Another inventive aspect of the present invention is a compact and lightweight construction of insulation material which is utilized in kit 10 to maintain the liquid biological sample at a temperature below 37 degrees centigrade and above approximately 5 degrees centigrade. The insulation design is based upon the concept that the use of multiple layers of discontinuous material will serve to disrupt even heat transfer within the package. In addition, the various material layers used in the insulation and will particularly interrupt even heat transfer at the junctions between the material layers. These multiple layers of insulating material present a discontinuous heat gradient which creates inefficiencies in the heat transfer between the interior of the package and the exterior of the package. In this manner, a liquid biological sample can be shipped from one location to another during all times of the year and be kept from overheating or freezing during the shipping process.
 As previously discussed the present invention uses non-refrigerated or frozen materials to maintain proper specimen temperature. This eliminates the need for bulky cooling materials or cooling devices that require pre-cooling or pre-freezing for their operation. The prior art temperature-protective materials require the additional preparation steps of cooling or freezing of the pre-cooled or pre-frozen material by the user to effect their operation. The most widely used prior art shipping materials rely upon pre-cooled or pre-frozen polyethylene and glycol bricks which maintain the specimen at an acceptable temperature range. These polyethylene and glycol bricks are, generally, 2 inches by 4 inches by 4 inches. Such bricks must first be pre-cooled in a refrigerator or pre-frozen in a freezer by the user before they are placed into a protective package with specimen. This adds extra inconvenience for the user and requires the user to plan ahead for the specimen collection by remembering to place the polyethylene and glycol brick into the refrigerator or freezer the day before the specimen is to be collected and shipped.
 The specimen collection kit of the present invention, by contrast, is small enough to fit in an ordinary mailbox and therefore is cost effective. This is a major advantage of the present invention in combination with the inventive insulation material over the prior art. The present invention provides a shipping package which is small enough to fit into a standard U.S. Postal Service approved mailbox. This allows the user of the present invention to simply place the sealed package containing the specimen into the standard U.S. Postal Service approved mailbox outside the users home and thereby avoid the need to take the package to the post office or the need to use another, less convenient, package shipper.
 Referring now to FIG. 10, a schematic diagram of one embodiment of the layering used in the insulating packaging is shown. Exterior air 100 is separated from protective tube 30 by, in this embodiment, multiple individual material layers that provide multiple discontinuities in the transfer of heat between exterior air 100 and tube 30. Exterior air 100 first confronts paper 102 of insulative holder 20 (FIG. 8). The exterior air 100 must first equilibrate paper 102 to the temperature of exterior air 100 before the temperature differential existing between exterior air 100 and the next layer, plastic 104 of insulating pouch 23, can have an affect on plastic 104. In addition, the affect of the temperature differential must further overcome the transition between paper 102 and plastic 104 which contains an additional discontinuity in the air space which is present between at least some portions of paper 102 and plastic 104. This air space is present because there is not a continuous contact between the surface of paper 102 and plastic 104. In the insulative material of the present invention, the layering which creates heat transfer discontinuities continues between plastic 104 and gel 106 followed by the interface of gel 106 and plastic 108, and so on until the juncture between paper 114 of holder body 21 (FIG. 8) and tube 30 is reached.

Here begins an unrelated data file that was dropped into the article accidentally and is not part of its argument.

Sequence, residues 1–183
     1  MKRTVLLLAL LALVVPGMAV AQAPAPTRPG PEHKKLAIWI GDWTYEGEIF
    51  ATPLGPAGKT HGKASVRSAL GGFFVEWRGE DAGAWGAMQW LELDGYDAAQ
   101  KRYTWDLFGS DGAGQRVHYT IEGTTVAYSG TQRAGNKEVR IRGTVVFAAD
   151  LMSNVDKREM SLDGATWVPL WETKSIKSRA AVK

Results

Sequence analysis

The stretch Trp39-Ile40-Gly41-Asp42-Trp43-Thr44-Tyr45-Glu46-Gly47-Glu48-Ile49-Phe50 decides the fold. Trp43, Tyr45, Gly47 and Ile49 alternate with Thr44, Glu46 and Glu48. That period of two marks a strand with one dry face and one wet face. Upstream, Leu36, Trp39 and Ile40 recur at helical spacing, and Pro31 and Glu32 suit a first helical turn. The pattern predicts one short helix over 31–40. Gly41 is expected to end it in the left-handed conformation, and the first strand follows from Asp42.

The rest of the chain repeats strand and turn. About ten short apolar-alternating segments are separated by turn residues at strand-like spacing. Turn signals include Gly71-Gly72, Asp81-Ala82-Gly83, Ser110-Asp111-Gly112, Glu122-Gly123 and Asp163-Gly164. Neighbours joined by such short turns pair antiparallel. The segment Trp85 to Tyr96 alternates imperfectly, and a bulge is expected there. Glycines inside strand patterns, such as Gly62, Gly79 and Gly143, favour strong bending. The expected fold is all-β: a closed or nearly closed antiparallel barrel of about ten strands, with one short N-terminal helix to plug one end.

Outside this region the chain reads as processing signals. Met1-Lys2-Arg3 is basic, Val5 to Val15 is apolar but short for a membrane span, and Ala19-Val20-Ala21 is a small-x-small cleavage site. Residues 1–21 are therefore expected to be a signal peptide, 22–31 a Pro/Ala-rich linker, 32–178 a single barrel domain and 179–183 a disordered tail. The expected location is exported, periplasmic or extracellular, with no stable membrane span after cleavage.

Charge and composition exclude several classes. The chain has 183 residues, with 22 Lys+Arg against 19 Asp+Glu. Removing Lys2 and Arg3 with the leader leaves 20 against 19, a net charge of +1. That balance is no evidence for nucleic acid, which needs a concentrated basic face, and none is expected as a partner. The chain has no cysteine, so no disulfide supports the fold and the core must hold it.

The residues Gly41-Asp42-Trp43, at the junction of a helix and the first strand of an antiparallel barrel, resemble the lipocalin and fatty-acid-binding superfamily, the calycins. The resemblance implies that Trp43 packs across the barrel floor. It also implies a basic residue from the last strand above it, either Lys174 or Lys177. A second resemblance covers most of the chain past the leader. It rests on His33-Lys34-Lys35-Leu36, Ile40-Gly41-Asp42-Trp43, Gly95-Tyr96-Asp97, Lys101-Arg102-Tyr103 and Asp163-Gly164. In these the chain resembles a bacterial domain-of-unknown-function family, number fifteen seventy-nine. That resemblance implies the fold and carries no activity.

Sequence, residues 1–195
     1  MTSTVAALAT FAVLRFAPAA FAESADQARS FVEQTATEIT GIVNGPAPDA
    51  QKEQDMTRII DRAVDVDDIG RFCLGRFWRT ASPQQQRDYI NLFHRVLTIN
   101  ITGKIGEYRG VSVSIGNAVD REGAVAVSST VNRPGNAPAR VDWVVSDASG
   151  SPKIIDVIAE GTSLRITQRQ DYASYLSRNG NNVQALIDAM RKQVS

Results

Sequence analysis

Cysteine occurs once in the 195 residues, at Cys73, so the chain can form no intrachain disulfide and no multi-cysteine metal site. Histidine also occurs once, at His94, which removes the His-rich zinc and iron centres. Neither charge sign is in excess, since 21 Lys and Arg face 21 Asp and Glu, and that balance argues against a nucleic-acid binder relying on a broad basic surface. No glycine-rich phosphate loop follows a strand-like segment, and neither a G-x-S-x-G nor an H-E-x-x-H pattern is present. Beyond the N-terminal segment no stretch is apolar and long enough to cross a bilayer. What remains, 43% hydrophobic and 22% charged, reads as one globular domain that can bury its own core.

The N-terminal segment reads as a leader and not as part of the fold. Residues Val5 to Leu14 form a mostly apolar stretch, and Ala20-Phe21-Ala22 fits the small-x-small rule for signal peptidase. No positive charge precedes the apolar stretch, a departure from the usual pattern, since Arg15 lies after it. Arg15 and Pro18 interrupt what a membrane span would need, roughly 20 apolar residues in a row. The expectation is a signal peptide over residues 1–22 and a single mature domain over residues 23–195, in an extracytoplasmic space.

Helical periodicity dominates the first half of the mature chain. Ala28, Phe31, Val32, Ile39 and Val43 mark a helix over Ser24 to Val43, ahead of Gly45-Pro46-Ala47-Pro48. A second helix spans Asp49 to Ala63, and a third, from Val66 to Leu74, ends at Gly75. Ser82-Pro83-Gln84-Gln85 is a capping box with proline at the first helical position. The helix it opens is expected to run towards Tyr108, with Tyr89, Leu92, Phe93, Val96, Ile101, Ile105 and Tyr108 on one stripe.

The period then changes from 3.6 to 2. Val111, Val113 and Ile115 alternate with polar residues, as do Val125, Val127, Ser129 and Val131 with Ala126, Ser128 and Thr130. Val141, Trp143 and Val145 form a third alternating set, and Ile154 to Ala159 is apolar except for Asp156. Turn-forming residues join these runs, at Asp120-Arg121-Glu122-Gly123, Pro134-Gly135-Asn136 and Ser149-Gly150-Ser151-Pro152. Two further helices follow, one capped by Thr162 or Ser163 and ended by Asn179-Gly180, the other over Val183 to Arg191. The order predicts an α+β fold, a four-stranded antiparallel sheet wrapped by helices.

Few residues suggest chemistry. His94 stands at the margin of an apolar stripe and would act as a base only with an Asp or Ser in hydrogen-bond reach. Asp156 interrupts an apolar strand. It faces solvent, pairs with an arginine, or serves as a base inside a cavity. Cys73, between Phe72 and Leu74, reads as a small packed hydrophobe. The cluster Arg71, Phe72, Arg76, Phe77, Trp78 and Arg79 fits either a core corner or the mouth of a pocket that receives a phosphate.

As FIG. 10 is a cross-sectional representation of the layering which exists in holder body 21 of insulative holder 20 (FIG. 8), a plastic-plastic interface exists at the point at which one portion of insulating pouch 23 is folded over onto a center section of insulative pouch 23 (FIG. 8). At this plastic-plastic interface, the contact between plastic 108 and plastic 110 is not coextensive, but is interrupted by an air layer 109 which is captured between plastic 108 and plastic 110. This provides yet another disruption to heat transfer across the plastic-plastic junction in this segment of the insulative barrier of the present invention. Continuing through the various insulative areas toward tube 30, additional heat transfer discontinuities exist between plastic 110 and gel 111 followed by the junction between gel 111 and plastic 112 followed by the interface between plastic 112 and paper 114 and which is further interrupted by captured air 113 which is between plastic 112 and paper 114 of sleeve 20. Finally, the temperature change must cross the captured air barrier 115 which is between paper 114 of sleeve 20 and protective tube 30 before any change in temperature in the liquid blood sample within vial 31 can occur.
 This extensive layering of different materials having different specific heat capacities causes a substantial slowing in the rate at which temperature change occurs between the exterior of the package and the interior of the package at which specimen vial 31 is located. The specific heat of a material is the number of joules required to raise the temperature of one gram of the material one degree Celsius (Q=mcD). As an object is heated or cooled, its internal energy changes, and thus its temperature changes. In the case of insulating against high temperatures, the amount of temperature change depends on the amount of heating (Q, measured in joules), the amount of material (m, measures in kilograms) and the type of material. The type of material is described by its specific heat capacity (c, usually measured in joules per gram per degrees Celsius).